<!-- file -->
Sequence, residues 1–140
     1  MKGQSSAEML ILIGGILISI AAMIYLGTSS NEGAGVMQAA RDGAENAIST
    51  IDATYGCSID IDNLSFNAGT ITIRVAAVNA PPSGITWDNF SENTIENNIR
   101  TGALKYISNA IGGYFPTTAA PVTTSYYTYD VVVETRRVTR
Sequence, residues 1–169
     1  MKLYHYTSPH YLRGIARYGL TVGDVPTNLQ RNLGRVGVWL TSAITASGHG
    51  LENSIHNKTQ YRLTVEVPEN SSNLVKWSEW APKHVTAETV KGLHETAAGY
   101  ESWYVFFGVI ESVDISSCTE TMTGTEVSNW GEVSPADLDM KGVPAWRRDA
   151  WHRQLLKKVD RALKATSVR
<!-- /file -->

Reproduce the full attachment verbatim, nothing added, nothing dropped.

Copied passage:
Sequence, residues 1–140
     1  MKGQSSAEML ILIGGILISI AAMIYLGTSS NEGAGVMQAA RDGAENAIST
    51  IDATYGCSID IDNLSFNAGT ITIRVAAVNA PPSGITWDNF SENTIENNIR
   101  TGALKYISNA IGGYFPTTAA PVTTSYYTYD VVVETRRVTR
Sequence, residues 1–169
     1  MKLYHYTSPH YLRGIARYGL TVGDVPTNLQ RNLGRVGVWL TSAITASGHG
    51  LENSIHNKTQ YRLTVEVPEN SSNLVKWSEW APKHVTAETV KGLHETAAGY
   101  ESWYVFFGVI ESVDISSCTE TMTGTEVSNW GEVSPADLDM KGVPAWRRDA
   151  WHRQLLKKVD RALKATSVR